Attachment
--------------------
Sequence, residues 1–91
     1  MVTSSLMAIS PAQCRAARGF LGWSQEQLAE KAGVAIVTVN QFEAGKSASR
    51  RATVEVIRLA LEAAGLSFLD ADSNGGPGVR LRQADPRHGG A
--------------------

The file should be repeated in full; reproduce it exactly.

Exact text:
Sequence, residues 1–91
     1  MVTSSLMAIS PAQCRAARGF LGWSQEQLAE KAGVAIVTVN QFEAGKSASR
    51  RATVEVIRLA LEAAGLSFLD ADSNGGPGVR LRQADPRHGG A